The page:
André Masson, ‘Au creux de l'arbre’, 1947, DIE GALERIE

About André Masson

An early Surrealist and devotee of Cubism—who went on to inspire the New York Abstract Expressionists before taking up a late interest in impressionistic landscapes—André Masson was an iconoclast whose abrupt stylistic transitions defy classification. Along with Joan Miró, he explored automatic drawing, seeking to express the creative force of the unconscious. This led to images—like the celebrated Battle of the Fishes (1927), a poetic depiction of conflict and metamorphosis with undertones of primordial eroticism—derived from random gestures and drawn spontaneously in glue, then sprinkled with colored sands for added texture and complexity. His signature violence, evident in the terrifying, fragmented figures of In The Tower of Sleep (1938), reflects the horrors of the Spanish Civil War and WWII, as well as his own troubled psyche in the aftermath of his service in WWI.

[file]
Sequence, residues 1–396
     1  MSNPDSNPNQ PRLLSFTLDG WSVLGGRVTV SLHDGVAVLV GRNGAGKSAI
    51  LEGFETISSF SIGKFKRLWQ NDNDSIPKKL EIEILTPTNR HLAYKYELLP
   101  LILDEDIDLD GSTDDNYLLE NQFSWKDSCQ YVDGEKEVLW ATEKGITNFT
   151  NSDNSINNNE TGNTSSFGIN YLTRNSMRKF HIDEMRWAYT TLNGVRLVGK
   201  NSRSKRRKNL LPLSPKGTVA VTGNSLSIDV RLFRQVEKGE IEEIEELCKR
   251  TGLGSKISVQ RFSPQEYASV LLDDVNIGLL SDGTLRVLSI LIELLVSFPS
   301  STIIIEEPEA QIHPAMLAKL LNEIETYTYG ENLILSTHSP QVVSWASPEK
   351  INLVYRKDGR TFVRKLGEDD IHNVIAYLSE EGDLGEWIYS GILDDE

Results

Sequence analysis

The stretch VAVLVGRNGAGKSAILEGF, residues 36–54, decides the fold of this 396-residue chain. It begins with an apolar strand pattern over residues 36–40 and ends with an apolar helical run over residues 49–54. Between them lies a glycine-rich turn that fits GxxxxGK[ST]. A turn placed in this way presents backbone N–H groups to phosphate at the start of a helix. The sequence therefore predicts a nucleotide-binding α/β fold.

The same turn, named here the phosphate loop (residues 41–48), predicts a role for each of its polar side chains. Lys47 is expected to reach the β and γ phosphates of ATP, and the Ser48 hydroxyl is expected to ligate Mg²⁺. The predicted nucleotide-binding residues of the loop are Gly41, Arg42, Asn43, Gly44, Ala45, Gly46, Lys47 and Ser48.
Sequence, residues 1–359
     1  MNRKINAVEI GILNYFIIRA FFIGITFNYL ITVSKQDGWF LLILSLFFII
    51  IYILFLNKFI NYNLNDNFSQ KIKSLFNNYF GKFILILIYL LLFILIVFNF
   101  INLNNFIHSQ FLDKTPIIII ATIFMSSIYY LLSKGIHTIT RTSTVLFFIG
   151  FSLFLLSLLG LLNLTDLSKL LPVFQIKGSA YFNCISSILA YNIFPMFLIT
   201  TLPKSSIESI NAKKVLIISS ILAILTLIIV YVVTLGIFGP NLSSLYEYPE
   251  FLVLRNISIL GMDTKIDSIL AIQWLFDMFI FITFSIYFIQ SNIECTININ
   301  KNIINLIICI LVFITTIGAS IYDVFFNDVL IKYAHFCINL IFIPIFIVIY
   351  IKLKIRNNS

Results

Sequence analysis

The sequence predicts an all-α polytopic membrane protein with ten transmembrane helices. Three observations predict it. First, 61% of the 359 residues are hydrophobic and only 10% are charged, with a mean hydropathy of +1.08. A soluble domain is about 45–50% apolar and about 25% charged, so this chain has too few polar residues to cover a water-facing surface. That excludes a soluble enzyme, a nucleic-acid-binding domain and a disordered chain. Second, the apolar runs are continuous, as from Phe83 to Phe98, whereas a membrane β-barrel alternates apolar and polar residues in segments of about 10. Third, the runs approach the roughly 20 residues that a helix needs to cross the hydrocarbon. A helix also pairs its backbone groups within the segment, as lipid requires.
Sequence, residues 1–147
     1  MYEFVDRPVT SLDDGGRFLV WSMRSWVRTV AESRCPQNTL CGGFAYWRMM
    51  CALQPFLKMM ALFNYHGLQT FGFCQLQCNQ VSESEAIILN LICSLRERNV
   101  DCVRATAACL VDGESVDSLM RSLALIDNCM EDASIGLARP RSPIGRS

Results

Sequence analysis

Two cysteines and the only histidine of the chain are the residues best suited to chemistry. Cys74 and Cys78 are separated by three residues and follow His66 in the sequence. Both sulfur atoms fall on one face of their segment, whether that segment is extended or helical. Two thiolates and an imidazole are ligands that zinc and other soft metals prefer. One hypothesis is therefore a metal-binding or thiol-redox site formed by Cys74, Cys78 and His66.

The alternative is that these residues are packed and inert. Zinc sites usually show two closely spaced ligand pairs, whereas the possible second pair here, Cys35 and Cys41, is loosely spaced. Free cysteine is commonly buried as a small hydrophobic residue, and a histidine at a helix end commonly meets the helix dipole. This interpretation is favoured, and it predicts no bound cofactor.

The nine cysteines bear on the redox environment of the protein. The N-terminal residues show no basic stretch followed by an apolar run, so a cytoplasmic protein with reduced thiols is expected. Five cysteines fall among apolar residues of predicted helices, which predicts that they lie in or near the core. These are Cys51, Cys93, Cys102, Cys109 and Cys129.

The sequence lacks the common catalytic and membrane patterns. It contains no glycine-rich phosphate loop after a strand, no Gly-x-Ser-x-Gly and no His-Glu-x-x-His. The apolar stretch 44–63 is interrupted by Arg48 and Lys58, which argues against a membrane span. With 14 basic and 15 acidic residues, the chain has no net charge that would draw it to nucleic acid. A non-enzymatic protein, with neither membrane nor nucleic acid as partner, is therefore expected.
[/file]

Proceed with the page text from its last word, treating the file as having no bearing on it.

French, 1896-1987, Balagny-sur-Thérain, France

Solo Shows on Artsy

2016
“André Masson”, Galerie Natalie Seroussi, Paris

Group Shows on Artsy

2017
Exilic Pleasures: Surrealism Refuged in America, Leila Heller Gallery, New York
2016
Surrealism: Imaginary becomes real, Gilden's Art Gallery, London